CHICAGO | Members of assorted activist groups from across the city’s Southeast Side have decided they can be more successful in trying to protect the area’s environment if they work together.
The Environmental Justice Alliance of Greater Southeast Chicago held a meeting Wednesday at which they detailed their principles that include respect for nature; protect, preserve and restore the natural environment; including people from low-income and non-white communities; and greater community participation.
Among the groups comprising the new alliance are the Southeast Environmental Task Force, the G2G youth group affiliated with East Side United Methodist Church, the Altgeld Gardens-based People for Community Recovery, the Sierra Club and the New 10th Ward Community Service Organization.
Peggy Salazar, head of the Hegewisch neighborhood-based Southeast Environmental Task Force, said she thinks the cooperation makes her group’s efforts stronger.
“In the past when we formed partnerships on issues, we were more effective than we would have been on our own,” she said. “Our strength is greater if we get people together.”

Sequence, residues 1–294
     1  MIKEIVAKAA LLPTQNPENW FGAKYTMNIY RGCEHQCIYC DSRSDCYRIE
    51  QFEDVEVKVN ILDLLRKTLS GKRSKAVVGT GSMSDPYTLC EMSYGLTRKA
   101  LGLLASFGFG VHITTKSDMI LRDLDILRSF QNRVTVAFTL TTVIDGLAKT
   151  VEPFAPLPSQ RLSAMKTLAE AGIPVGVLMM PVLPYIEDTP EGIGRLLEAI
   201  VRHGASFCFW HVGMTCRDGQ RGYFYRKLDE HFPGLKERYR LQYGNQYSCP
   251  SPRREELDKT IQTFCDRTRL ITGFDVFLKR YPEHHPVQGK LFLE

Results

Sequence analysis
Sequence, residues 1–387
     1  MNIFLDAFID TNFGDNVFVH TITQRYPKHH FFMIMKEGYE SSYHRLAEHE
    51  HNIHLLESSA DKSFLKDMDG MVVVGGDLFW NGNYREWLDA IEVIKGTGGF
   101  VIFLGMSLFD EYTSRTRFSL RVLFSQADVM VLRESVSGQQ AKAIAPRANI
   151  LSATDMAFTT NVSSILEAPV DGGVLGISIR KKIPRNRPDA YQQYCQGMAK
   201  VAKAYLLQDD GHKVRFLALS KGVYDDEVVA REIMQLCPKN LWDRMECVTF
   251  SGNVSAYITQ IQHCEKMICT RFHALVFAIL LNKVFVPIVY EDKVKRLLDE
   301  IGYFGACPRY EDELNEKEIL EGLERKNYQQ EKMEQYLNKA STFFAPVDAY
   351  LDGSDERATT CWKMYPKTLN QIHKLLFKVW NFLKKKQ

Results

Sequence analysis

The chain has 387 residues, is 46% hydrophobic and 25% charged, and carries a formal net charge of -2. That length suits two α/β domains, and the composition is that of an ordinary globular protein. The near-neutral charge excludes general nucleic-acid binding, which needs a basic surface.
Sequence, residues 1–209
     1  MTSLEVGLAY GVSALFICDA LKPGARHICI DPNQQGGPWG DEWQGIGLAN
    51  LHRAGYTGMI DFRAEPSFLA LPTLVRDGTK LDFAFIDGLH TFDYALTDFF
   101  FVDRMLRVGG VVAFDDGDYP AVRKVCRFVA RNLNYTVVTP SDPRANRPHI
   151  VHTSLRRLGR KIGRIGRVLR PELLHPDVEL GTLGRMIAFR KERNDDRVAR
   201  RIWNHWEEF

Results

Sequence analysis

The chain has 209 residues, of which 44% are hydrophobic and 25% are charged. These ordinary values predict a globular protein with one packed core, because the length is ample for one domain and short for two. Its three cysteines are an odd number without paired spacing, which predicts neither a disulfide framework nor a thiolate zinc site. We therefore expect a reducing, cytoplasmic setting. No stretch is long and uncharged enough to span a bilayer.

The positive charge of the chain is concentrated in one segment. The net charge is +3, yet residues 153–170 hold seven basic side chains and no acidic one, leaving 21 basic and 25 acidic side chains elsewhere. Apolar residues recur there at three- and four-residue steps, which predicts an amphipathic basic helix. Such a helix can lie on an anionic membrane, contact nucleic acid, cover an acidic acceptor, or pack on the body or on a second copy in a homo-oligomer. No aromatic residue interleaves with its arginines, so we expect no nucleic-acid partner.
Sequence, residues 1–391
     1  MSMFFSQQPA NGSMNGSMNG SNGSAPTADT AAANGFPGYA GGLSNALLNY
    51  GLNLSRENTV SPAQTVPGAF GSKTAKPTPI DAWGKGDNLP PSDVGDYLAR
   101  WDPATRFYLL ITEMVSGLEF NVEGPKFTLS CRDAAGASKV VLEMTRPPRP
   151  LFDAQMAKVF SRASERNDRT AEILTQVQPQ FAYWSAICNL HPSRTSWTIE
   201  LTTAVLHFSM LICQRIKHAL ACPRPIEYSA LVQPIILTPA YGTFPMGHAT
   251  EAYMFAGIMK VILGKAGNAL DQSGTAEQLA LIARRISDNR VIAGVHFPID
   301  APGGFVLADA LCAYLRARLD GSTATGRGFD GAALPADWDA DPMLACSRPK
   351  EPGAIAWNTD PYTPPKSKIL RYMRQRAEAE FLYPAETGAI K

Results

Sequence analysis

She also said residents will benefit from working together if it means they can prevent problem projects from occurring in Southeast Side neighborhoods.
“It is easier for us to stop something than try to deal with it after the fact,” she said.
The group announced its intentions during a gathering at The Zone community center, 11731 Avenue O. Among the roughly 30 people attending the gathering was 10th Ward Alderman John Pope, who came to listen to the group’s intentions.
Although there have been issues in the past where these activists and Pope have disagreed — such as a proposal for a coal gasification plant at the former Republic Steel site near 116th Street and Burley Avenue — Salazar said she was pleased to see the alderman present at Wednesday’s gathering.
“I want to try to bring local politicians on board with us,” she said.
Also among those pleased with the effort was Alan Walts, director of the U.S. Environmental Protection Agency’s office of enforcement and compliance for the Chicago-area.
“We do have a strong commitment to environmental justice,” Walts said. “We’re glad to see that people at the local level are taking this seriously.”
Walts also provided local activists with updates about several projects where environmental contamination is feared, including the River Bend Prairie Landfill at 138th Street and Cottage Grove Avenue that straddles the Chicago/Dolton border.
Many of the activists, along with Pope, opposed a proposal last year that would have allowed for expanded operations at the landfill. It is now in the process of being closed because it is reaching capacity.
Walts said an Illinois EPA inspection on Dec. 14, 2012, found instances of exposed refuse, but added that Land & Lakes Co. officials who operate the landfill addressed the problems within a week to the state’s satisfaction.
He said the landfill is likely to be closed completely by year’s end.